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Photo Exhibit of 21st Century Ku Klux Klan Stirs Emotions at University of Southern Mississippi

By Rhonda Miller | Published 16 Apr 2011 02:08pm | comments
Photojournalist James Edward Bates talks with students at USM in Hattiesburg.

Images of pointed white hoods and cross burnings in Mississippi are not from decades ago. MPB’s Rhonda Miller reports a photo exhibit opening April 18 at the University of Southern Mississippi in Hattiesburg is making some people nervous.

Maybe it’s the video with Ku Klux Klan members screaming, “White Power.” Or images of hooded Klansmen at a cross burning.

But when 20-year-old African-American student Brad Kirkham found out the black-and-white photos were taken recently, he was rattled. He asked the photographer, “So are they planning to attack any time soon?”

Photojournalist James Edward Bates answered that he hasn’t seen any violent acts in the 13 years he’s been photographing the Klan.

But Kirkham, a film major from Laurel, is only partly comforted.

"I learned something new today, because I didn’t know it still existed. So, I mean, it woke my eyes up and my ears up to, I guess, the racism that’s still hidden in America," Kirkham said.

Photographer James Bates is a graduate of the University of Southern Mississippi. His project is "Passing the Torch: Documenting the 21st Century Ku Klux Klan."

It’s been shown in Europe, but no gallery in the United States was willing to exhibit the work until his alma mater rose to the challenge. At a preview of the exhibit for communications students, Bates says he knows the photos are controversial.

"I’ve been threatened with my life twice. One time was in Simpson County, Mississippi, where a Klansman pulled a rifle on me. He was upset over the photograph of his child with a hanging black doll," Bates said.

The father was standing next to him when the photo was taken, but got upset about it later, after Bates published it with a caption describing what was going on.

"A local Klansman at this gathering had picked up an African-American doll and the adults had shown the kids why it was important to hang black people," Bates said.

Bates is from McComb and witnessed racial tension there in the 70s, 80s and 90s. His curiosity about what causes racism fuels this project.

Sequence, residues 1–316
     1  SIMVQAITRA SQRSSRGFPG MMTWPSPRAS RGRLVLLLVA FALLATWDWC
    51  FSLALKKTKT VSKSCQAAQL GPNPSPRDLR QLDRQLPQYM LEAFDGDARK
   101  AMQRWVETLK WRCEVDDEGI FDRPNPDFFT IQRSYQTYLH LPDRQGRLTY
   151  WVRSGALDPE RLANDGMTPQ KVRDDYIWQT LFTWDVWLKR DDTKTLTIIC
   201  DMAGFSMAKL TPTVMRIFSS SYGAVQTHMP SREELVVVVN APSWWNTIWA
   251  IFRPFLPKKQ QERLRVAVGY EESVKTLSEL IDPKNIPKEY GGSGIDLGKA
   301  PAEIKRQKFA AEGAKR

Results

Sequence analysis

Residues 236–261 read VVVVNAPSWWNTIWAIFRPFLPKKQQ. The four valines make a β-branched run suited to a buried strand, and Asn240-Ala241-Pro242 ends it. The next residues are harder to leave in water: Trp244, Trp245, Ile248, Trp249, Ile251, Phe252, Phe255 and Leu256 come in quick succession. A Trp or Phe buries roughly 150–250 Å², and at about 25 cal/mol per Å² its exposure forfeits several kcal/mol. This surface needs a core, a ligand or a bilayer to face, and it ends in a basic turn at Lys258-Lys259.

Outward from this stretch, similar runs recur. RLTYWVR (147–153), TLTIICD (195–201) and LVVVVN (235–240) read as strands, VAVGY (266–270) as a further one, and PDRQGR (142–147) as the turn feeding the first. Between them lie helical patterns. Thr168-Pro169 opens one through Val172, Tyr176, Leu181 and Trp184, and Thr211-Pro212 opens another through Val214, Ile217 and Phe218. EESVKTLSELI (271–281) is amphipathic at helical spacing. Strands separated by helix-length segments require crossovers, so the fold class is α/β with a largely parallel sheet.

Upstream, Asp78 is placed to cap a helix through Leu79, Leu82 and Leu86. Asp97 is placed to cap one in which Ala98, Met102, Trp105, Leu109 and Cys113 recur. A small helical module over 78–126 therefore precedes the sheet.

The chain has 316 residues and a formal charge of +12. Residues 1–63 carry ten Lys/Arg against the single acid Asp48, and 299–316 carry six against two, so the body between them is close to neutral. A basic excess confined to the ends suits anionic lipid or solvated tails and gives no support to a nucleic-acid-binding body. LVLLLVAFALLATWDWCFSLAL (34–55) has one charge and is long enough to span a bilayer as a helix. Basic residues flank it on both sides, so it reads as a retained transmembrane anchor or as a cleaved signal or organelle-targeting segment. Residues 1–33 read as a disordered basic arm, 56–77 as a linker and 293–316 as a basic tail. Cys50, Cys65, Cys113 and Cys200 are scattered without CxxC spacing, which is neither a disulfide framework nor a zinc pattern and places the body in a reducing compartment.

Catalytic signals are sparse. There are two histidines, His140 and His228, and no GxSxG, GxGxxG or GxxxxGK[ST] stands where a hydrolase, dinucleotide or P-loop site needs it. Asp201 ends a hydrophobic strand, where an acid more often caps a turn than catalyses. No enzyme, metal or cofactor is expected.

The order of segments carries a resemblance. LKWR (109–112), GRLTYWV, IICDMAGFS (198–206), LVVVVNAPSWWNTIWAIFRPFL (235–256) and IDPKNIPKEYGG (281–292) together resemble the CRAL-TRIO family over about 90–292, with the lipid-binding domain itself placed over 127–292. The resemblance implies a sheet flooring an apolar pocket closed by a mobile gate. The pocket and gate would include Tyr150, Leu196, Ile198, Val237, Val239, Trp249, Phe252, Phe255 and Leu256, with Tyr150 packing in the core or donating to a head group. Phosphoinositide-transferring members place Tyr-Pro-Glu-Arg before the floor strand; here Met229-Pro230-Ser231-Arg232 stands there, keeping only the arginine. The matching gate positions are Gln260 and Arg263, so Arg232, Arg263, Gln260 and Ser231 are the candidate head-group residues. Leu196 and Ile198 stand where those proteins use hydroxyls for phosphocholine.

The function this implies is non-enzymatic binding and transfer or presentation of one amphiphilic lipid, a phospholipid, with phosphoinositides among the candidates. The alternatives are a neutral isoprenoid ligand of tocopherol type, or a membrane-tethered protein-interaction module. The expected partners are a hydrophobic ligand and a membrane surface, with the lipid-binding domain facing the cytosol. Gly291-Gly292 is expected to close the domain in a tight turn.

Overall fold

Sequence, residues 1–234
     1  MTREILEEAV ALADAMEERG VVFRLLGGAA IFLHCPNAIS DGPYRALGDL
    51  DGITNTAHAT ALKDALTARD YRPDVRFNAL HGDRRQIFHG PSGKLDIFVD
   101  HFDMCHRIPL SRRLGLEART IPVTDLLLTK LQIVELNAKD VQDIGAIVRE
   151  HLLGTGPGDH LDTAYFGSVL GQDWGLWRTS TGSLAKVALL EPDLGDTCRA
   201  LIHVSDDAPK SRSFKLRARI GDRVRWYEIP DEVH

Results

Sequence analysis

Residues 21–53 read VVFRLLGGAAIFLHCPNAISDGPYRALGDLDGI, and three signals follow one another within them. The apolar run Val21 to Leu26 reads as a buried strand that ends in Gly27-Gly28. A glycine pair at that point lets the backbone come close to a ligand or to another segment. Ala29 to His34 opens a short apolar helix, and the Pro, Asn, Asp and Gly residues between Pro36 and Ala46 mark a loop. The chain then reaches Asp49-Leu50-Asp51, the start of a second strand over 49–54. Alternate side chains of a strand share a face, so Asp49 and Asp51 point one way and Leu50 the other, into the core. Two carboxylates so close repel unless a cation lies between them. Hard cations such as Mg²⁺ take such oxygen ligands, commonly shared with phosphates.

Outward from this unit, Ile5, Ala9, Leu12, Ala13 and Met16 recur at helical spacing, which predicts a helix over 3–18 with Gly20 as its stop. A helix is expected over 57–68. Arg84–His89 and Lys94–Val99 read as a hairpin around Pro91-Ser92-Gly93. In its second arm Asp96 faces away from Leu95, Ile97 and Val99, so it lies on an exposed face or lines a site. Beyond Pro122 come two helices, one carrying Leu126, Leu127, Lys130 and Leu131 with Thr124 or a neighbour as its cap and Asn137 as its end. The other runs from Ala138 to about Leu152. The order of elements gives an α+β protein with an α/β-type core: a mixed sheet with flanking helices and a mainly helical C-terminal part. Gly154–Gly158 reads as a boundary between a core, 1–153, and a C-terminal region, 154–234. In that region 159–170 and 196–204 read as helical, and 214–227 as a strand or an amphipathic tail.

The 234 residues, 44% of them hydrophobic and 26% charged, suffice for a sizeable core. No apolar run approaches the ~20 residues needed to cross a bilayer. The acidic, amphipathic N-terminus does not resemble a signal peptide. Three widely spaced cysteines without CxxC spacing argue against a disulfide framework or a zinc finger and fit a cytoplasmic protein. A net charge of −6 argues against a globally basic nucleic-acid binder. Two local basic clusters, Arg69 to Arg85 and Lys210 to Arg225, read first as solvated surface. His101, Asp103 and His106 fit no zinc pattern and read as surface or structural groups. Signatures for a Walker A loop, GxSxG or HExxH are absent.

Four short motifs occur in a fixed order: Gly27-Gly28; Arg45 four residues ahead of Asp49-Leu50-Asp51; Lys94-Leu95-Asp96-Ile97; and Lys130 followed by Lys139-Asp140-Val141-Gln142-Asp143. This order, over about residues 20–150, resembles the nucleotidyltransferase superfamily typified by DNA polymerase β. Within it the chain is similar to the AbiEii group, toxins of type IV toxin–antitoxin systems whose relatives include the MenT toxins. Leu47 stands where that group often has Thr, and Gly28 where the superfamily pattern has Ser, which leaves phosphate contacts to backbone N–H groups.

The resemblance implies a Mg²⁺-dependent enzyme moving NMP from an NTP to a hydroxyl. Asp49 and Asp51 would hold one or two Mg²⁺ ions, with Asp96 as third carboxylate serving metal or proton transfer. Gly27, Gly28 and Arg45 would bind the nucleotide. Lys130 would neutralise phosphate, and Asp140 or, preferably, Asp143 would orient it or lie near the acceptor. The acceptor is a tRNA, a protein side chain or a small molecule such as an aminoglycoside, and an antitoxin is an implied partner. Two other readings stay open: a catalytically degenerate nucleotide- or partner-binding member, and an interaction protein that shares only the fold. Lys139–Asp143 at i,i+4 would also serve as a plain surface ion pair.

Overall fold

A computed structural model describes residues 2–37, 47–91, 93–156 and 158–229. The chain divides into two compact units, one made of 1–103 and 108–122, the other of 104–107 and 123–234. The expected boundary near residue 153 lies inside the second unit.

"Most that I’ve dealt with aren’t afraid to let people around them know they’re in the Klan," Bates said. "Now there are some people who don’t want to be photographed without their mask on."

Christopher Campbell, Director of the School of Mass Communication and Journalism at Southern Miss, said objections to the exhibit were dealt with up front.

"Why do we even gotta be exposed to this stuff?" Campbell said some people ask. "Our reaction to that is, this does exist. We’re not going to end racism and racial animosity and the existence of hate groups if we pretend they don’t exist."

Campbell said the exhibit opens the door to dialogue, even when the location makes it sensitive.

"The Klan in Hattiesburg, historically, did incredible damage," Campbell said. "So I think for folks who lived through the civil rights era in Hattiesburg, to hear about a photo exhibit of the Klan on campus, that’s going to be controversial."

Assistant journalism professor Cheryl Jenkins is from Laurel. Jenkins says it’s important to show the powerful images, even though they may stir up troubling memories for local people.

"My grandmother is still living and she actually witnessed a lynching," Jenkins said. "What’s most disturbing is that these are 21st Century images, though we are supposedly post-racial America."

Many students are disturbed by a photo taken inside the home of a Klan family. The mother and father are fitting a four-year-old boy with a Klan robe.

"It’s like he’s still drinking a bottle. But yet he’s getting trained to be influenced as a Ku Klux Klan member," said 19-year-old Ivana King of New Orleans. "And we wonder why racism and things are still going on. This is because children have been trained to actually hate."


Photojournalist James Edward Bates talks with students at USM in Hattiesburg.



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